Orangutans To Be Extinct In 50 Years

Sabah’s
isolated orang utan population in lower Kinabatangan may become extinct in 50
years if no steps are taken urgently to set up wildlife corridor between
fragmented forests, says a The study funded by the Danish International
Development Agency (Danida).
    Scientific
journal Oryx in its latest publication said although the Kinabatangan
population of 1,100 orang utans was more then enough for their survival but
many of them were separated into small pockets of less then 250 animals.
    It says
much more work needs to be carried out to ensure the survival of the
orang-utan. It also stresses that that the “pockets” of orang-utan population
need a minimum number of 250 orang-utan individuals to survive in the long
term.
    “It is
essential that conservation measures are taken to protect orang-utans outside
national parks, and these measures will by necessity be specific to each
region,” Oryx wrote in the newly released paper entitled “Distribution and
conservation status of the orang-utan on Borneo and Sumatra:
How many remain?”
    Conservationists
and scientists from 16 institutions, including Hutan, a French NGO, wrote the
paper.
    The Sabah
Wildlife Department and Hutan have been studying orang-utan occurrence in
protected and unprotected areas for a number of years.
    Together
with their partners they have engaged the landowners such as the Sabah
Foundation, the Sabah Forestry Department as well as private landowners (mostly
palm oil companies) in developing innovative conservation strategies to address
the issue of orang-utans in unprotected areas.
    Genetic
modelling carried out by conservation geneticist Dr. Benoit Goossens of Cardiff University and Dr. Isabelle
Lackman-Ancrenaz of HUTAN had shown that the majority of the isolated
orang-utan populations in the Kinabatangan would go extinct in less than 50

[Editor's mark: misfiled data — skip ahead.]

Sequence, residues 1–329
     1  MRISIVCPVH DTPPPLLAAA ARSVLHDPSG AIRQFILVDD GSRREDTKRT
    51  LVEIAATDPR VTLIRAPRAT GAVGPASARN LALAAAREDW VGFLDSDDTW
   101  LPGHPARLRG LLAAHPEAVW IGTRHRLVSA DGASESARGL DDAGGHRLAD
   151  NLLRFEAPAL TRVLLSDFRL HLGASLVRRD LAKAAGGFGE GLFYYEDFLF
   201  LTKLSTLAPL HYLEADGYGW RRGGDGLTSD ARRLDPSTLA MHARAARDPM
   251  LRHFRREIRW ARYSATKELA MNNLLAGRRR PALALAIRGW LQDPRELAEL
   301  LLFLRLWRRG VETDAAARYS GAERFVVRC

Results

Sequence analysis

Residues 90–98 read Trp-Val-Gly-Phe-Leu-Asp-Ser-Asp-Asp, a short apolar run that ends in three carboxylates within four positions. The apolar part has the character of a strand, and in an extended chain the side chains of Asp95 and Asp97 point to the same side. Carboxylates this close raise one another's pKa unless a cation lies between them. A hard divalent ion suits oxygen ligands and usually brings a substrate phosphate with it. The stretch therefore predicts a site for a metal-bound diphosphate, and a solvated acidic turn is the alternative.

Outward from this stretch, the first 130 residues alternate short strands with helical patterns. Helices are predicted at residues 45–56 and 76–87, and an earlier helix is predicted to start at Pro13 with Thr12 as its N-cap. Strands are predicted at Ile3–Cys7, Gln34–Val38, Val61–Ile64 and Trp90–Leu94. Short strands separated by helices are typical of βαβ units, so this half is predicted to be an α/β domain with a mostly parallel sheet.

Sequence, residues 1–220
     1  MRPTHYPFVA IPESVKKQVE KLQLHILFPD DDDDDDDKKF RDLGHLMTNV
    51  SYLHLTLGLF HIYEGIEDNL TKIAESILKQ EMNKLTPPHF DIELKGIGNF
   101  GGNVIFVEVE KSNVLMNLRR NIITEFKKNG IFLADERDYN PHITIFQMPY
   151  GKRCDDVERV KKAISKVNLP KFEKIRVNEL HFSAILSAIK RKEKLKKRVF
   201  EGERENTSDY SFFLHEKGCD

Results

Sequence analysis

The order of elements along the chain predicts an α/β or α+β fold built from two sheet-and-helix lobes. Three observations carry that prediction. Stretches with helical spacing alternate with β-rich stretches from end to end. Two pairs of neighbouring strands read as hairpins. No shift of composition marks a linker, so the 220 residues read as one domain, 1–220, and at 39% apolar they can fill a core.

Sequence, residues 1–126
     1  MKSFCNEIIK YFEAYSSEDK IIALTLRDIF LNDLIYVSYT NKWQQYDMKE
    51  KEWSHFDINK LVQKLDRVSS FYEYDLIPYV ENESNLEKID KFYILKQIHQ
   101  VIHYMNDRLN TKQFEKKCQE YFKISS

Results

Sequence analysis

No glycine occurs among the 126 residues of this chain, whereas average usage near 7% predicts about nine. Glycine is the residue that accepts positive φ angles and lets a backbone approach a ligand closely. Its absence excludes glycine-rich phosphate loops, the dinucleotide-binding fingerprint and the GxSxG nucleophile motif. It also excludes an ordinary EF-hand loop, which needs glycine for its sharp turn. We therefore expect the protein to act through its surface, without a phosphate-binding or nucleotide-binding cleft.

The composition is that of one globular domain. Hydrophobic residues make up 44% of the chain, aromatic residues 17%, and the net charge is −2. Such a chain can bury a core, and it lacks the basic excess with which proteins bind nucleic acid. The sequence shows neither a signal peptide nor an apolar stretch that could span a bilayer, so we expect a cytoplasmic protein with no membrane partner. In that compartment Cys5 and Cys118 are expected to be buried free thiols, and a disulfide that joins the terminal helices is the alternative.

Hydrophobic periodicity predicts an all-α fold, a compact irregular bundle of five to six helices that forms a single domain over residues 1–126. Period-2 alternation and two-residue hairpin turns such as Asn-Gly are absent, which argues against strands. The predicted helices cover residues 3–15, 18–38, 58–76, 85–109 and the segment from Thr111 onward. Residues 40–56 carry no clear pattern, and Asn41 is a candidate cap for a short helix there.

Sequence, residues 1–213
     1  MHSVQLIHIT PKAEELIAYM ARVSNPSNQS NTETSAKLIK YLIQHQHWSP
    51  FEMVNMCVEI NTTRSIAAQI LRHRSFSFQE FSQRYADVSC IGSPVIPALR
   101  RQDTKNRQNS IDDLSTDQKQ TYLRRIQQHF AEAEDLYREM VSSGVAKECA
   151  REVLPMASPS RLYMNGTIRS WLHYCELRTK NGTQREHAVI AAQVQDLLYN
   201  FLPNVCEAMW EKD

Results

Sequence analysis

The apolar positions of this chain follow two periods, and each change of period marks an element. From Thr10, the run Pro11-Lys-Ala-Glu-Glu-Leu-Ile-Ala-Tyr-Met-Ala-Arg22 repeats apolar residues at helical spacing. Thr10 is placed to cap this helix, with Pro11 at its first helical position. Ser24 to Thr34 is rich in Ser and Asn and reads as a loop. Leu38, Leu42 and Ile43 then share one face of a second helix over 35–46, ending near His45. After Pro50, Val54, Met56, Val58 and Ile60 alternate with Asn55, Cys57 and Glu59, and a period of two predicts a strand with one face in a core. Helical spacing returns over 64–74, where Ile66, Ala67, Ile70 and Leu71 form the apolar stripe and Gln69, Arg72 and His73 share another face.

years if nothing is done to reconnect the populations.
    “Having
‘wildlife corridors’ linking isolated lots of forest that are home to
orang-utan as well as other wildlife such as the Bornean pygmy elephants, are
absolutely crucial to ensure that this wildlife continues to exist in the
Kinabatangan,” said Dr Ancrenaz.
    The paper
also shows a study that reassessed orang-utan populations in Borneo and now
finds that an estimated 75 percent of orang-utans in Kalimantan
occur outside protected areas.
    The Sabah
Wildlife Department had in 2004 with HUTAN published a paper in the scientific
journal, PLoS Biology that showed that 60 percent of orang-utans in Sabah live outside protected areas. The study was funded
by the Danish International Development Agency (Danida).
    It was a
landmark paper for the world of orang-utan conservation as up to that point
scientists in other areas of Borneo and Sumatra
(the only two places in the world the orang-utan survive in the wild) were
mostly studying and working on orang-utan populations within primary forests
which were almost all protected areas, such as national parks.
    Hutan has
been working together with the Sabah Wildlife Department to develop and
implement solutions to conserve the orang-utan in Sabah, Malaysia
for the past 10 years.

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